Fri., December 31, 2010 2:45pm (EST)

A Warmer, Drier Winter To Come?
By Melissa Stiers
Updated: 4 years ago

ATLANTA  —  
Warmer and drier winter days mean lower heating bills, but it's not good news for many farmers who depend on the cold weather and moisture. (photo by Jody Cris)
Warmer and drier winter days mean lower heating bills, but it's not good news for many farmers who depend on the cold weather and moisture. (photo by Jody Cris)
Warmer temperatures across the state today and this weekend are a sign of what to expect for the rest of the winter, says the state’s climatologist David Stooksbury.

"It looks like this period of cold dry weather is basically coming to end," says Stooksbury, "and we are going to go into a pattern that will give us warmer than normal weather but also continue this drier than normal pattern."

Stooksbury says this transition to a warm, dry winter, known as a La Nina pattern means lower heating bills.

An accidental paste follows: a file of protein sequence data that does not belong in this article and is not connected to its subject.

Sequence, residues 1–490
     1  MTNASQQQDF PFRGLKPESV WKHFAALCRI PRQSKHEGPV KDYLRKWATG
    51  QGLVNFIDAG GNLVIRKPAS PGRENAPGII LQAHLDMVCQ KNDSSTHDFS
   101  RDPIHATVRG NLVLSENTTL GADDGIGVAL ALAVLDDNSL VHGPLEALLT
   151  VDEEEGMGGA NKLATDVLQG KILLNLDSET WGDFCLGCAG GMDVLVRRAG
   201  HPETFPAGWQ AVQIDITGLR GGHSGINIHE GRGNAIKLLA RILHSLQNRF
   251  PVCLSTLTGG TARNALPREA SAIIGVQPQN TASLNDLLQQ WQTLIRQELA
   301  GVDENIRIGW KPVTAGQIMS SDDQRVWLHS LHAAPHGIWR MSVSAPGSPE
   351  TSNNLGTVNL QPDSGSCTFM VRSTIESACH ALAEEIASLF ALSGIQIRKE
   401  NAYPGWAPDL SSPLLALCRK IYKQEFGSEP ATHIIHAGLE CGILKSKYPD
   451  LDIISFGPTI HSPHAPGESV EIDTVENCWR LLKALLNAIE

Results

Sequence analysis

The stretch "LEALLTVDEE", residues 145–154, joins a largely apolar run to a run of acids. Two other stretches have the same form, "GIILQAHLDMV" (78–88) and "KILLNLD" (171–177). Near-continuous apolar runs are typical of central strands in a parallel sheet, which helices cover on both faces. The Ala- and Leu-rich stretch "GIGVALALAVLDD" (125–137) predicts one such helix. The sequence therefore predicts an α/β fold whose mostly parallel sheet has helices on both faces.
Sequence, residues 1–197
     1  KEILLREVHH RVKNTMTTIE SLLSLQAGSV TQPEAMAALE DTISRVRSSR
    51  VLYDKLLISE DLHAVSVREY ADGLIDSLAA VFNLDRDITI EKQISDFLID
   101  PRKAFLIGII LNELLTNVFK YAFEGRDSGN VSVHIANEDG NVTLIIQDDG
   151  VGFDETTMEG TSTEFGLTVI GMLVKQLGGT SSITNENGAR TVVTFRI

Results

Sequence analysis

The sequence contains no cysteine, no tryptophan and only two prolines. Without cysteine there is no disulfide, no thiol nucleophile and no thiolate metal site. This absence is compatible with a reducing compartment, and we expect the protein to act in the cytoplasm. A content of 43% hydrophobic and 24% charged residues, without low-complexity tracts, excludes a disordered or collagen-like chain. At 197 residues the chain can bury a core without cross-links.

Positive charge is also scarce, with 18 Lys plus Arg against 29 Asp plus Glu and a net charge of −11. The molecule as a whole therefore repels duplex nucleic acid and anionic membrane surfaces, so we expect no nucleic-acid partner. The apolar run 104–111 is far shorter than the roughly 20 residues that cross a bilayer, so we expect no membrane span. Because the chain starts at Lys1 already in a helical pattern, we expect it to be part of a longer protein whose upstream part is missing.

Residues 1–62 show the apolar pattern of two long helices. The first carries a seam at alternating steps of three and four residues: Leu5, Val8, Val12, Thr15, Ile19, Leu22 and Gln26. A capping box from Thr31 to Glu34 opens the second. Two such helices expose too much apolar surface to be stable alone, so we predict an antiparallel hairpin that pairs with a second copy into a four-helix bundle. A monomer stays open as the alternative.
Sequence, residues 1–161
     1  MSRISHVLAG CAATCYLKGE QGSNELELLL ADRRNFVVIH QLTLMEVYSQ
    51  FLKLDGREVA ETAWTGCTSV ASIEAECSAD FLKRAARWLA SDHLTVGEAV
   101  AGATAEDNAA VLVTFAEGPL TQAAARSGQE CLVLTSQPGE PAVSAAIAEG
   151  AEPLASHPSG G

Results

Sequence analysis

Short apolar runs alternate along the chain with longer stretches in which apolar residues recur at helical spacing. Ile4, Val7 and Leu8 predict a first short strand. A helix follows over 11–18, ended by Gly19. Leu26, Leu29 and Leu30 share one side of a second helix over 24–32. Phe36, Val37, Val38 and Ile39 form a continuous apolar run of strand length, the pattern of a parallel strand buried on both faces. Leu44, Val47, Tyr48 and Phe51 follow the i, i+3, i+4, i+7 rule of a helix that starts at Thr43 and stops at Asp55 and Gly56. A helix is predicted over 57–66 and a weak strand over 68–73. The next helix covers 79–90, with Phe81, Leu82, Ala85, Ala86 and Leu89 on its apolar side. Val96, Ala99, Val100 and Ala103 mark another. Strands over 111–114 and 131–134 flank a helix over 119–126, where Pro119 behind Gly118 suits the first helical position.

But he says it’s also cause for concern among farmers.

Peach and blueberry growers need a certain amount of cold hours to produce their fruits.

Vidalia growers need moisture for their onions, and ranchers too to keep their pastures green for their dairy and beef cattle.

The coastal plains and south Georgia continue to experience extreme drought.

Still, Stooksbury says, don't put away your warm coats and winter wear, yet.

"But it’s still winter. We’re still going to have periods of cold weather, so not every day is going be this glorious day to even go out and play golf in. There’s still going to be some miserable cold days even though the next two months I expect to be nicer than what we’ve had in December."